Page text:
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Journal of Immigrant and Minority Health

, Volume 14, Issue 1, pp 132–139 | Cite as

HIV Knowledge Among Canadian-Born and Sub-Saharan African-Born Patients Living with HIV

  • Heather E. Tulloch
  • Louise Balfour
  • John Kowal
  • Georgio A. Tasca
  • Jonathan B. Angel
  • Gary Garber
  • Paul MacPherson
  • Curtis Cooper
  • D. W. Cameron
Original Paper

Abstract

Research has revealed differences on scales measuring HIV knowledge between individuals from various ethnic backgrounds and cultures. Few studies have examined this knowledge with immigrant populations and persons living with HIV. This study examined HIV knowledge among persons living with HIV who were either born in Canada or in sub-Saharan Africa and, for comparison, in a sample of college students. All participants were residing in Canada. Participants completed questionnaires measuring demographic variables, sexual health behaviour, and HIV status, treatment, and knowledge. Canadian-born patients living with HIV were more likely to be older and male than the other groups. On average, patients living with HIV were diagnosed 6.4 years ago, and 80% reported having current or previous experience taking HIV medications. After adjusting for age and gender, significant differences were found between the groups on the Brief HIV Knowledge Questionnaire. Canadian-born persons living with HIV (n = 110) scored higher than sub-Saharan African-born patients (n = 23) and college students (n = 81); mean percentage correct was 86, 70, and 62%, respectively (P < .01). These results suggested that ongoing HIV education is needed for all groups, and that additional tailored and targeted educational interventions are needed to address important gaps in knowledge among persons living with HIV patients originating from Africa and among college students.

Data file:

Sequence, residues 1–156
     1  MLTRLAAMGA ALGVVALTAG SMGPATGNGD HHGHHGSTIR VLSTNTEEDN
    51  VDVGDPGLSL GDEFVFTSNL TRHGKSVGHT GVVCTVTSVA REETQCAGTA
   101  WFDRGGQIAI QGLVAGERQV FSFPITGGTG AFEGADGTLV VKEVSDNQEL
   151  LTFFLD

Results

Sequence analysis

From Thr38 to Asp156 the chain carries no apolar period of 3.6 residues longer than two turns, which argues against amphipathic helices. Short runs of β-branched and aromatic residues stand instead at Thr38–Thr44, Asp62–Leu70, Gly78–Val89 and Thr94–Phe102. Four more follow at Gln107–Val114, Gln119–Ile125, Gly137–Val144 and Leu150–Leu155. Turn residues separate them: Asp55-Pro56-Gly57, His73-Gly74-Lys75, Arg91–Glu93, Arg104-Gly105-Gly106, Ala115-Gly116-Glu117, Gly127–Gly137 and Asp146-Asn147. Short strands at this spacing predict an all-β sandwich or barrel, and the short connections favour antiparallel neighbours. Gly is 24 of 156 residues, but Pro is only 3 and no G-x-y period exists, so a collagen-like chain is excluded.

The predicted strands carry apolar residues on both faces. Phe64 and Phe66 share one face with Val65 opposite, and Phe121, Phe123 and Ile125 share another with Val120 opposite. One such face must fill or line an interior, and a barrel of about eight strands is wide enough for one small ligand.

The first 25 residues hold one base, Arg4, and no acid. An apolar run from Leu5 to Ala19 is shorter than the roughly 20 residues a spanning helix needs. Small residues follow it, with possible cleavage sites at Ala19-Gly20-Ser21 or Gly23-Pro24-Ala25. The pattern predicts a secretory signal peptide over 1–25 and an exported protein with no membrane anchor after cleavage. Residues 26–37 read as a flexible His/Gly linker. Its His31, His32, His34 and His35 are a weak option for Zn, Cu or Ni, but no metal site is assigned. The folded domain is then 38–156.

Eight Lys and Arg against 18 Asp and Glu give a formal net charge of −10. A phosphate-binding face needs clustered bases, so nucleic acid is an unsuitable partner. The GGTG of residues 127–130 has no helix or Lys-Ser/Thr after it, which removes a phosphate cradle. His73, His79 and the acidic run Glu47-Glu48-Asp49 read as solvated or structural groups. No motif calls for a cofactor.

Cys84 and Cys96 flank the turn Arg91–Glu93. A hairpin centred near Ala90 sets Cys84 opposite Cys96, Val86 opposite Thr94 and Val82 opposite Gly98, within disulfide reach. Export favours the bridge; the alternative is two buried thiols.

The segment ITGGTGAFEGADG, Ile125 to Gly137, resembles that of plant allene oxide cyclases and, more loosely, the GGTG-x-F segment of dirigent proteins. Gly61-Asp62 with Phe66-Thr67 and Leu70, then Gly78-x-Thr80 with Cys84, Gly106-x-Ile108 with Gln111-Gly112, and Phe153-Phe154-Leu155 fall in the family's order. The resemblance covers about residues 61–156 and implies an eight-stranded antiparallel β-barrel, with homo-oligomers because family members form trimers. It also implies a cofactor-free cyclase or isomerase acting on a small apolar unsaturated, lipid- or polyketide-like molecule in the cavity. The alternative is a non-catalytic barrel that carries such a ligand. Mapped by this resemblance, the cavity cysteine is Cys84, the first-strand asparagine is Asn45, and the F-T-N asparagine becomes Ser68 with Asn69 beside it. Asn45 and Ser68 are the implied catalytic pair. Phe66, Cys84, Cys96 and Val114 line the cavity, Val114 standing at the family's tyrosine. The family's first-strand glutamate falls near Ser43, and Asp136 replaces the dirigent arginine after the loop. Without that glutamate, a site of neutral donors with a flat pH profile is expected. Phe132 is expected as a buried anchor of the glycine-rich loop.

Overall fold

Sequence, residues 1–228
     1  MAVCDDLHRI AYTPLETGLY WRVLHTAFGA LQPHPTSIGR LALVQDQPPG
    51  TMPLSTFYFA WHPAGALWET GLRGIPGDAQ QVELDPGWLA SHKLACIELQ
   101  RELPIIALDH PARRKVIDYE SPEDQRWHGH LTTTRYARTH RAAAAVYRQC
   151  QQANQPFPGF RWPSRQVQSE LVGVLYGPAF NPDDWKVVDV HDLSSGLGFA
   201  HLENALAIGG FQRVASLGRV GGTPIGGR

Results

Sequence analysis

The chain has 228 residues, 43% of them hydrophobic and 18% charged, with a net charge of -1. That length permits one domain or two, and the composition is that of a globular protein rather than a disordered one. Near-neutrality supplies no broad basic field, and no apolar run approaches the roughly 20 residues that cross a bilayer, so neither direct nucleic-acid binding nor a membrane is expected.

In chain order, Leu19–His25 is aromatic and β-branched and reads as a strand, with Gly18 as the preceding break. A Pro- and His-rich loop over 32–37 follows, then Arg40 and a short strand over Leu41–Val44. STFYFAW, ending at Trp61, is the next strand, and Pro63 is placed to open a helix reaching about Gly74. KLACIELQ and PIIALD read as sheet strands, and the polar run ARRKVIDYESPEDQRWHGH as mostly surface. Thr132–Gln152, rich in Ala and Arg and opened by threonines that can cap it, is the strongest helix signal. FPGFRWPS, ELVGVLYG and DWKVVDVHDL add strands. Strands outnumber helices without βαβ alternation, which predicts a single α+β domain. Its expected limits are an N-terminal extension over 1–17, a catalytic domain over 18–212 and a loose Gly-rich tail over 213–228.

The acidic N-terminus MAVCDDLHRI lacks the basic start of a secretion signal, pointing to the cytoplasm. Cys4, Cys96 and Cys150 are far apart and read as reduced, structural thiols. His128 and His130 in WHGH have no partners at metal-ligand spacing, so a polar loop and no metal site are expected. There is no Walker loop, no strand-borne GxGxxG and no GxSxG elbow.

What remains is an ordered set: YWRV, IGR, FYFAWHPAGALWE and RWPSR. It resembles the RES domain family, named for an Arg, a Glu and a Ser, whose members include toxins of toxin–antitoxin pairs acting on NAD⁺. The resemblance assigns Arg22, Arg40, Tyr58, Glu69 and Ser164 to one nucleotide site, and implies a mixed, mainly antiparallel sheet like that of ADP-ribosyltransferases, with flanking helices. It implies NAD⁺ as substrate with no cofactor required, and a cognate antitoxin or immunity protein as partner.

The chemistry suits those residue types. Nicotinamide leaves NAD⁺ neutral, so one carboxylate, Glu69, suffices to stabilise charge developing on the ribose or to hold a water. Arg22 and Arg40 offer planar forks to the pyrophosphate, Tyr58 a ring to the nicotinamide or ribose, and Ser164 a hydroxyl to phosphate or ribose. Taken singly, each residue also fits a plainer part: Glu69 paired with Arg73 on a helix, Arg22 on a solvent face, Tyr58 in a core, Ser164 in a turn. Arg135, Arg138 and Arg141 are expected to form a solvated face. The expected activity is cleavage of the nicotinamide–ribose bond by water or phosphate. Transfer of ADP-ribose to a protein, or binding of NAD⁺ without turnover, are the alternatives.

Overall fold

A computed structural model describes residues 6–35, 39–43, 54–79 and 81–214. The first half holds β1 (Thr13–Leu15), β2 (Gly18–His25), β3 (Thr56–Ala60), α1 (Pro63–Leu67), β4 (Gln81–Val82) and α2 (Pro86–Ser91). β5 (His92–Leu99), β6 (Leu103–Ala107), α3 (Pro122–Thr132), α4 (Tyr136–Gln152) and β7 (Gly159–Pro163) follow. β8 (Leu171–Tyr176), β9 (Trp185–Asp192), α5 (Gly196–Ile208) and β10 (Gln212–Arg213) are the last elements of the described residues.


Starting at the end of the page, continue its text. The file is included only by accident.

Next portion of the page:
Keywords

HIV-positive HIV/AIDS knowledge Immigrant College students Education 

Notes

Acknowledgments

This study was partially supported by a grant from the Canadian Institutes of Health Research, Ontario HIV Treatment Network, AIDS Bureau, and the Ontario Ministry of Health and Long-term Care.

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Copyright information

© Springer Science+Business Media, LLC 2011

Authors and Affiliations

  • Heather E. Tulloch
    • 1
  • Louise Balfour
    • 2
  • John Kowal
    • 2
  • Georgio A. Tasca
    • 3
  • Jonathan B. Angel
    • 2
  • Gary Garber
    • 2
  • Paul MacPherson
    • 2
  • Curtis Cooper
    • 2
  • D. W. Cameron
    • 2
  1. 1.University of Ottawa Heart Institute, Prevention and Rehabilitation CentreOttawaCanada
  2. 2.Division of Infectious DiseasesThe Ottawa Hospital – General CampusOttawaCanada
  3. 3.The Ottawa Hospital – General CampusOttawaCanada

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